Aside from dogs, cats are the most popular pet in the United States. They are social, friendly (most of the time), hilarious, and even sometimes help us out with pest control, such as hunting for mice and other pests around the house and farm. Another reason that cats are popular is they usually do not make as much “noise” as some dogs can, and most of the time they do not leave the house unless you have an indoor/outdoor kitty. Cats take up less living space than dogs and are the animal of choice for smaller houses and apartments most of the time. They are also considered relatively “lower maintenance” than dogs when it comes to medical care as it relates to vaccines.
I understand the subject of vaccines can be very controversial for many cat owners. After all, a lot of cats are indoors, right? Every person has a right to make their own decisions regarding their pet. I really wanted to do the research myself and share my information I found with you, my fellow pet lover so that maybe you then can make an informed decision the next time you go to the vet with your baby. Sources of where I found the information on the diseases can be found at the end of this post. Remember, I am just a loving pet parent like the rest of you, I am not a medical professional and therefore this is always a great subject to talk to your Veterinarian about!
The following is what I found about common diseases in cats. The diseases/viruses I covered in this post are:
- Feline “distemper”
- Feline leukemia
- Rabies vaccine
The feline “distemper” virus (also called panleukopenia) is a highly contagious disease and is usually life-threatening. The disease is so “hardy” that it can last a year indoors at room temperature (according to veterinarypartner.com). Infection occurs when the virus enters through the mouth or nose of the cat. The infected cat sheds large amounts of the virus through vomit, urine, saliva, mucus, and diarrhea. Cats that have recovered from this disease are even considered contagious for six weeks following recovery. The feline “distemper” vaccine is a combined vaccine that also helps kitty with building up immunity for feline rhinotracheitis (also called feline Herpes), and feline calicivirus infections, which are viruses that can cause severe upper respiratory infections.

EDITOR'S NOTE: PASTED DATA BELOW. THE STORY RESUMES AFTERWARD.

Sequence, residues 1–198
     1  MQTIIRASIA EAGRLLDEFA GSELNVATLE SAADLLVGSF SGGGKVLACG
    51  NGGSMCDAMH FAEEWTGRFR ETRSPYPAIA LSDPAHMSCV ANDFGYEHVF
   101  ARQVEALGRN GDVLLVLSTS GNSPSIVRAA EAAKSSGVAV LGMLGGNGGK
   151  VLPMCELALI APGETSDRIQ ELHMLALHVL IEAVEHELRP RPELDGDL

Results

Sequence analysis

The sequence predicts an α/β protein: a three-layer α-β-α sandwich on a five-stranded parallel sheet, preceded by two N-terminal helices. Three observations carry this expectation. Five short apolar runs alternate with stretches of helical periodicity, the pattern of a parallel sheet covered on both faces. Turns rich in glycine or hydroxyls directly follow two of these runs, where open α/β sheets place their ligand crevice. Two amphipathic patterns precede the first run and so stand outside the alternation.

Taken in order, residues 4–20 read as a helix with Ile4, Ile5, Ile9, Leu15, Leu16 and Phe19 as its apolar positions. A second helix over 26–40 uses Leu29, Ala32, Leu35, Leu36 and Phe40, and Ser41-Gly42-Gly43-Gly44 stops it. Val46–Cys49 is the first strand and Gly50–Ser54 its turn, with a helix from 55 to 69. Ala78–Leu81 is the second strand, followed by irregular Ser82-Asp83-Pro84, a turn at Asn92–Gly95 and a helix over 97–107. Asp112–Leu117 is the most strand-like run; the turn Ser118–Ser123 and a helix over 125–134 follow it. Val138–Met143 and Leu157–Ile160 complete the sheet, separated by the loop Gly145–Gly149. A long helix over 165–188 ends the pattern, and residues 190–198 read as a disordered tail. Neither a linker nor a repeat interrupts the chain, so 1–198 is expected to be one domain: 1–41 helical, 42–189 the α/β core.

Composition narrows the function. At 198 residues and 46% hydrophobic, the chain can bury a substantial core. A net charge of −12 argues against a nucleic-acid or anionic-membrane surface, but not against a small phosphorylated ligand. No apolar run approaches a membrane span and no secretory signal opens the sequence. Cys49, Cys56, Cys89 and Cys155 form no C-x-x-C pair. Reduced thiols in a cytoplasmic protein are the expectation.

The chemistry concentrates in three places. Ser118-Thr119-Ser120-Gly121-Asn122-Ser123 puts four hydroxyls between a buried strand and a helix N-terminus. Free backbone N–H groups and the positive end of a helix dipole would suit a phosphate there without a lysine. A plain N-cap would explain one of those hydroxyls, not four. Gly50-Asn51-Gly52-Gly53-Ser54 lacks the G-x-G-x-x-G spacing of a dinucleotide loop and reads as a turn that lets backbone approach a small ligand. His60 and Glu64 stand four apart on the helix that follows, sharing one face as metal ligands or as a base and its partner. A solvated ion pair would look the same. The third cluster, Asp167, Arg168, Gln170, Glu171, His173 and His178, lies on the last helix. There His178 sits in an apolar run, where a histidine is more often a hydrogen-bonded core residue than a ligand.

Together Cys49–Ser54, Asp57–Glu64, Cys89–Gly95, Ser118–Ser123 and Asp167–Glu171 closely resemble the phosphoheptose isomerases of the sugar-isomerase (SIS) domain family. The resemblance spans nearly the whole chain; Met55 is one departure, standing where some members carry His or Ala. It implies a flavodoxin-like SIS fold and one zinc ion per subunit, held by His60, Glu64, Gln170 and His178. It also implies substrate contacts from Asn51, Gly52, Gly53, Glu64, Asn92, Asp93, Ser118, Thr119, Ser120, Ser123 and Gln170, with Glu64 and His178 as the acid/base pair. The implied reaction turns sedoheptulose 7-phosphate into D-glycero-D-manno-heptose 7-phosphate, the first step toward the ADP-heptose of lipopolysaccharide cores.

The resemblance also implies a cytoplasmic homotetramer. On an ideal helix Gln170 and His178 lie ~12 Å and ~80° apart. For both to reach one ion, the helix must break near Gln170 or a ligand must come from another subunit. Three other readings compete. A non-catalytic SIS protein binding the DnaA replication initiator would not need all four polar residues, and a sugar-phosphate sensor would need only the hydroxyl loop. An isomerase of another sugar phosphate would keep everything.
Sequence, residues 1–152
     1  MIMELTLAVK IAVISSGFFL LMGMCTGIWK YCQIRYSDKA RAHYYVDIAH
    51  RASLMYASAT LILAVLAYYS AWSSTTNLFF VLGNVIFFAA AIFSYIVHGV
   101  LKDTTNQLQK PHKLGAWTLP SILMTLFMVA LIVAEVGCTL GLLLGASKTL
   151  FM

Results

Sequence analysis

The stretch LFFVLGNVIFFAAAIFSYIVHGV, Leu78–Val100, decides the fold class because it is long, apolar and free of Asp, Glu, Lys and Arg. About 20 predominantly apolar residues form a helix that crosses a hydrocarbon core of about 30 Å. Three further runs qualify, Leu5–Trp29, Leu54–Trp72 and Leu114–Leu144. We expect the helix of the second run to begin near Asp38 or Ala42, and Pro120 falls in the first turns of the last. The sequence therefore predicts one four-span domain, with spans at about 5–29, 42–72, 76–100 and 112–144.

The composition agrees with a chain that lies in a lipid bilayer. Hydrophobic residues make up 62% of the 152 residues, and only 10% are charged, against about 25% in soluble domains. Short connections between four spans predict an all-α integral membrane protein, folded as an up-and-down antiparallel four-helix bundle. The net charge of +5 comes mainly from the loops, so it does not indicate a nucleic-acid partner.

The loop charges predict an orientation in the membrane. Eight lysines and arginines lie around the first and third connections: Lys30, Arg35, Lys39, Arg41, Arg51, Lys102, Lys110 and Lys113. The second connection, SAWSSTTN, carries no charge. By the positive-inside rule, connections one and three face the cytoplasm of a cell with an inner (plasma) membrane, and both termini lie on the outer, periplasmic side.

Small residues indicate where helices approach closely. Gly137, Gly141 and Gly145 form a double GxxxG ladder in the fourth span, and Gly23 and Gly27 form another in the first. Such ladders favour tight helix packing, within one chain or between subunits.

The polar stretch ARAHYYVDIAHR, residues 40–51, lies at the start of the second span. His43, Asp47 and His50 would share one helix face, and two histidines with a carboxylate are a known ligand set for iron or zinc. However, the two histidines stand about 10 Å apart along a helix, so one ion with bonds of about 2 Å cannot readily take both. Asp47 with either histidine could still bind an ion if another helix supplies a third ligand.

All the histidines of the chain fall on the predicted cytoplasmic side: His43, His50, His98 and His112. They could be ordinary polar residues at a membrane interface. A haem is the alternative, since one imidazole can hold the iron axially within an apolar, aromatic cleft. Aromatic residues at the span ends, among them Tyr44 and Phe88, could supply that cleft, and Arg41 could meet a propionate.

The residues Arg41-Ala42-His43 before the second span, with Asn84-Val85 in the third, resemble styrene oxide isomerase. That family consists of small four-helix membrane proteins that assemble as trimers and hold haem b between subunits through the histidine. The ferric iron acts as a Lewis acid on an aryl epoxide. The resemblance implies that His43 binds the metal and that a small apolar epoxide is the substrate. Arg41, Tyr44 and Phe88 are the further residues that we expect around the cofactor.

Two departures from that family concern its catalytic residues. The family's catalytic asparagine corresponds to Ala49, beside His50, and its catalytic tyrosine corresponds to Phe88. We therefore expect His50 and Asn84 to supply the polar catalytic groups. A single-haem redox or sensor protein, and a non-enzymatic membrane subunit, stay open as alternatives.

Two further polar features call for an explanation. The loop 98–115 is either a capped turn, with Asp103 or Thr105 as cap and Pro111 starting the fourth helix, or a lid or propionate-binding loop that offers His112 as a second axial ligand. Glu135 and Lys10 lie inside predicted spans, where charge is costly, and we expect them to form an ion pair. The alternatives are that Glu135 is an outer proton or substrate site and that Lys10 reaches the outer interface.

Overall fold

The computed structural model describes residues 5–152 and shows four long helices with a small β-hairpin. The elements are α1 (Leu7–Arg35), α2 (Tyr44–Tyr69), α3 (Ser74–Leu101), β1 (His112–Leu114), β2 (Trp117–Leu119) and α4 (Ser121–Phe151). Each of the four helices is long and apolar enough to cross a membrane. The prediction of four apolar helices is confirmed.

Other than the feline distemper vaccine, it doesn’t appear there are any other vaccinations recommended for “ALL” cats, other than the rabies vaccine.
Rabies Virus: Deadly to Dogs, Cats, and Humans!
Rabies can arguably be the most well-known and well-feared infection in animals, and it can be transmittable to humans. Infection of this disease is from direct contact with mucous membranes of the infected animal. Usually, this means a bite from an infected animal. If an animal (or human) is infected with the rabies virus, they will not survive. In all states, dogs and cats are legally required to have a rabies vaccination on a regular basis (every 1-3 years). Wildlife such as raccoons, foxes, coyotes, and bats can have this virus and transmit it to people or our beloved pets by a simple bite. The rabies virus can take 3-8 weeks after contact with an infected animal to show any signs or symptoms. If an animal is infected with rabies and starts to show symptoms, within 3-5 days there will be a change in behavior from “normal” for that animal to timid, shy, and then aggressive as they start to experience fear and hallucinations. This is the point where most of the transmission occurs, is the animal biting at this stage. Although most cats (especially indoor cats) can be considered at lower risk for encountering an animal that has been infected with the rabies virus, it is still a public health concern and therefore is a required vaccination.